As an eighth generation farming family, the Clarks, who run Pitlandie Farm in Perthshire, have an impressive depth of cattle farming experience.
The passion for their profession has been passed down through generations for more than 200 years to Tom Clark, 29, who now co-runs Pitlandie with his father and uncle. And it certainly is a family affair as Tom’s 95-year-old grandfather still keeps a hand in on their four-farm enterprise, after spending more than eight decades in agriculture.
When Tom’s granddad also Tom (pictured above) first started in the industry, work horses were used before they were replaced with tractors during the mechanisation of Scotland’s farming in the 1940s.
Since then there have been huge changes in farming; but one thing that has remained constant at Pitlandie is animal welfare, something that has been held in high regard throughout the generations.
This is one of the reasons why they are Scotch-assured cattle farmers under the Quality Meat Scotland (QMS) scheme which offers consumers a guarantee on welfare and production standards.
“In terms of animal welfare, the cattle have a good life, better than mine!”
Tom laughed, adding: “We have QMS quality-assured standards in terms of health and wellbeing of the animals and have found that the happier they are, the better the beef in terms of quality and yield. Because of these high welfare standards, you need to understand what each individual animal needs.”
It’s a labour of love for Tom, who begins most days at 6am. He’s always had a love for the countryside and says he enjoys the ability to grow something and get satisfaction out of the end product.
Tom, pictured above with his grandfather, added: “To be able to have such a good quality product at the end of the day reinforces all the hard work you put in to get there – sleepless nights during calving, planning grazing systems and feed rations. It makes it all worthwhile.
“Farming is a real passion; you’ve got to have a love for what you do to get you through the hardest times.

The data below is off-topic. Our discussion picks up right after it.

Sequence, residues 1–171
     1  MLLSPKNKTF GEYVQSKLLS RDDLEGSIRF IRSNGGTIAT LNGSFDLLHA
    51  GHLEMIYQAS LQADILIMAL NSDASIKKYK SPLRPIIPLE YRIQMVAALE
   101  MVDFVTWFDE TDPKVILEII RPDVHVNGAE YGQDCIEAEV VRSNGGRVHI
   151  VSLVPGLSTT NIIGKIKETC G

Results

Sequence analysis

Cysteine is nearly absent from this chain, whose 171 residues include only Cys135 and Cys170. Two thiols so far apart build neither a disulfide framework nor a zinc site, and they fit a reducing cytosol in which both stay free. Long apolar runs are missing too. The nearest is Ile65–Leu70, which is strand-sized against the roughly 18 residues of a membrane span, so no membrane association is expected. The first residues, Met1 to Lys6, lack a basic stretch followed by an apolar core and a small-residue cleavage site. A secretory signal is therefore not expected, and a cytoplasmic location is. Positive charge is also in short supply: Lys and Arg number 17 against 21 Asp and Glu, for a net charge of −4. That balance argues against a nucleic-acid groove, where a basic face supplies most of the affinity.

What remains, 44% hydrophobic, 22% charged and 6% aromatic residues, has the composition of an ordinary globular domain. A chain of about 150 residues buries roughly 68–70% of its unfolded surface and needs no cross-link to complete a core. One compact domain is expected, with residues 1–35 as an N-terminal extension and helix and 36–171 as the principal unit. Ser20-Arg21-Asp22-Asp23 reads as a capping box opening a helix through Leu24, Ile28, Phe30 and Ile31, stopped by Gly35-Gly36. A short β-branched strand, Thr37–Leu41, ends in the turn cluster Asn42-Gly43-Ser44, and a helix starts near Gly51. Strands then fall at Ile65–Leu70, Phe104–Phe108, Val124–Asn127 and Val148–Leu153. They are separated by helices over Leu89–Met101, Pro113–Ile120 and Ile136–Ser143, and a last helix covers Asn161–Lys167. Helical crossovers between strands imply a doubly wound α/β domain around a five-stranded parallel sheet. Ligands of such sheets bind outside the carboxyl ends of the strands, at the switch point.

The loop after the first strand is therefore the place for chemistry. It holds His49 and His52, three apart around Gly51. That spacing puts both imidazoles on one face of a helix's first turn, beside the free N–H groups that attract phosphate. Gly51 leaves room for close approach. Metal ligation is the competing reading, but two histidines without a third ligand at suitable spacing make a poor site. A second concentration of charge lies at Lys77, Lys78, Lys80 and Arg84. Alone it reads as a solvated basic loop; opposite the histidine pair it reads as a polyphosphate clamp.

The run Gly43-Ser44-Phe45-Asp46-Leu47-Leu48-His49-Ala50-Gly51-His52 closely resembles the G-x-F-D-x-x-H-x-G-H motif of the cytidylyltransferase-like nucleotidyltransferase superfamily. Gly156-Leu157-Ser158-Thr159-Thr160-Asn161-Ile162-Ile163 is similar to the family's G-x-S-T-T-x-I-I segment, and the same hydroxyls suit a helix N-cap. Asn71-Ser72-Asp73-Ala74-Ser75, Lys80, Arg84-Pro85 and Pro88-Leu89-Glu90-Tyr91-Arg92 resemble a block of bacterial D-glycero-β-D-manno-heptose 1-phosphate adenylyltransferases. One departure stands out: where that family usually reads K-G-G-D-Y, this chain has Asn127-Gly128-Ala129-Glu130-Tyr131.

“We are up in the mornings for the 6am feed, then the day really gets going a couple of hours later with tagging calves, weighing our store animals, maintaining fencing and looking after the crops. We have just started calving, so we run a maternity ward on site, where we are the midwives.
“It’s a 24/7 job because at any point you need to be ready to deal with the
It’s Tom’s commitment to animal welfare standards and passion for producing quality Scotch Beef that has made him an ideal ambassador for the latest QMS Scotch Beef campaign.
Currently at Pitlandie there are 90 suckler cows which spend most of their life on pastures at the Perthshire farm. Although they mainly feed on grass, Tom also supplements their diet with other rations that are grown on the Clarks’ mixed arable farm.
“Scotch Beef, with all its quality assurances and guidelines, as well as the wealth of knowledge shared across the industry, makes it the best in the world and I really do believe that,” Tom said.
A CUT ABOVE THE REST
As someone who rears QMS quality-assured cattle, Tom Clark knows a thing or two about Scotch Beef. The 29-year-old is also a skilled cook who enjoys cooking meat as much as he does eating it. Here Tom shares five of his favourite cuts and how we should be serving them for the best possible flavour:
- Rib roast: This is my favourite cut. It has a lovely marbling effect. If you speak nicely to your butcher he can cut it up to any size or portion. To cook, just simply rub it in crushed garlic and stick it in the oven for a couple of hours.
- Beef mince: As a modern man, I like something that is quick and easy, and Scotch Beef mince is so versatile. Just throw it in the pan and it makes a spaghetti bolognese. Add red wine to encourage the flavour. If you are making chilli, my tip would be to add a dollop of honey.
- Sirloin steak: Simply bring to room temperature and fry in a hot pan for two minutes and 30 seconds each side. Always a treat with some peppercorn
- Steak strip pizza: When I find the time, a homemade pizza is a favourite. Have it any way you like it but a steak cut against the grain – in the opposite direction to the meat fibres – will steal the show as a pizza topper.
- A winter-warming beef and beer pie: For a twist on steak and ale pie, this beef and beer pie is made with feather-blade steak, a little Worcester sauce and a can of good local dark beer.
*For more about Scotch Beef, visit the website by clicking here.